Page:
Wonderful Waves


  • 2-liter soda bottles with screw top lids
  • food coloring
  • vegetable oil
  • newspaper
  • white drawing paper
Wonderful Waves


To demonstrate that simple models can be used to represent real world objects that are not easily brought into a classroom.


This lesson is designed to allow students to create a wave model using two different types of simple models. In early education, students need be introduced to the concept of models. It is particularly important that they be exposed to qualitative models. "Moreover, problem-solving studies have shown that qualitative reasoning is not engaged if students move too quickly into memorizing and applying formal laws." (Benchmarks for Science Literacy, p. 357)

The approach of creating, describing, and understanding qualitative models is critical because it is the type of learning that students will most closely relate to their experiences. "Because the prior knowledge and models students bring to their science instruction are themselves usually qualitative, qualitative reasoning is closely connected to that prior knowledge." (Benchmarks for Science Literacy, p. 357)

Planning Ahead

It would be best, but not necessary, to use newspaper as a cover for desks so that spilled oil will be easier to clean.


Either read to students or have them read the second chapter of Henry and Mudge and the Forever Sea (by Cynthia Rylant, with pictures by Suçie Stevenson). An alternative is a suitable section from the book Oceans (by Seymour Simon).

Ask students:

  • Have you ever wondered about water and waves?
  • Who has seen waves?
  • Where have you seen waves?
  • Can we study waves here (in the classroom)? Can we bring a wave into the room?

Say to students, "Sometimes we can't look at the real thing in the classroom so we make a model that we can use to study and learn more about that thing. Does anyone know what a model is? What are some types of models you've seen or made?"

Discuss students' responses and perhaps make a list of their ideas on the blackboard or flipchart. Tell students that in this lesson they'll make some different types of models that will help them learn more about how waves behave.


In advance, set out several 9x13 inch baking pans, and several pitchers or measuring cups filled with water.

Break the students into groups of four or five. Have students fill a pan about half full with water. (Since fractions are still a relatively new concept to students, show them about where half way is so that they can better visualize the amount.)

Ask students:

  • What is one way that we could make waves in our wave pools?

Allow students to make several suggestions. Some of their possible answers will include rocking or sloshing the pan, blowing on the pan, splashing with their hands. Allow students to explore these different ideas.

Ask students:

  • One way you made waves was to blow across the surface of the water. Is there something in nature like this? What?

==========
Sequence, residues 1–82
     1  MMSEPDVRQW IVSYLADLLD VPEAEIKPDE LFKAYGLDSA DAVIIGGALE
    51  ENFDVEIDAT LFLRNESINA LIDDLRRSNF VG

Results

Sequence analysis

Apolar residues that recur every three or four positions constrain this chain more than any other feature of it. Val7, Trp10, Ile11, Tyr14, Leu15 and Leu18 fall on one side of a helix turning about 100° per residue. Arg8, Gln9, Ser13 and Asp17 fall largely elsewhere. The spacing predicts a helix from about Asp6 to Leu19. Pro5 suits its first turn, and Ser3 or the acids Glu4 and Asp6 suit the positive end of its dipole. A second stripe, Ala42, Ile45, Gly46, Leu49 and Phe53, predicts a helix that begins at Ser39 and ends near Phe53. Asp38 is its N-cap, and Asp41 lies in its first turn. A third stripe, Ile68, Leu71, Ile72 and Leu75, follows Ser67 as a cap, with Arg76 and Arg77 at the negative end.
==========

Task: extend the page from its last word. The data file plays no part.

• This pan is an example of a model of waves in water. What are the different parts of the model?
  • How is this model like real waves?
  • How is it different?

Have the groups clean their area by emptying and clearing the pans. Give water, cooking oil, food colors, and an empty water bottle with cap to each group. Have students fill their bottles half full with the water.

Have students pick a food color that they like and have them add one to three drops of coloring to their bottles. The students should cap their bottles and tip them on their sides. Ask students:

  • What have we added to our bottles?
  • Does it look like a real wave? How?

Have students gently tip their bottles from side to side. Ask them:

  • Does this remind you of a wave?
  • How is this like a wave?
  • How is this not like a wave?
  • How "good" is our model?

Hold up a bottle of oil. Ask students:

  • What will happen when we add the oil?
  • How do you think the waves will be different?

Have students gently tip the bottles of oil from side to side. Ask them:

  • Does this remind you of waves?
  • How is this like a wave?
  • How is this not like a wave?

Say to students, "Now let us add the oil and see what it does to our wave bottles."

Using a funnel, have the students carefully add oil to their bottles. Move from table to table and help students make sure that the oil touches the very top lip of the bottle. Cap the bottles tightly for the students. Have students tip the bottles sideways again.

Say to students, "Now tip your bottles from side to side. If you see any air bubbles, raise your hand so that I can help you." Remove air bubbles by slightly squeezing the bottle and re-capping or by adding more oil. Once again, students should tip their bottles from side to side.

Ask students:

  • Does this remind you of waves?
  • Does the model (bottle) look different from when we tipped it without the oil? How?
  • How is this like a wave?
  • How is it not like a wave?
  • How "good" is our model?


Say to students, "Today, we looked at two models for waves. What are some other models that we use to describe or understand things? I want you to think of one example of a model and draw a picture to share. Be ready to describe your model and its purpose."

Allow students several minutes to draw. Ask them to explain their examples of models.


Have students go to the Oceans Alive from the Boston Museum of Science. Once there, students should look at the representations of waves.

Ask students:

  • How are the pictures different from the waves we created?
  • How are the pictures similar to the waves we created?
  • A picture can be used as a type of a model. How is a picture that is a model different than a model like the ones that we made? How are they the same?

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Lesson Details

Grades Themes Type Project 2061 Benchmarks National Science Standards State Standards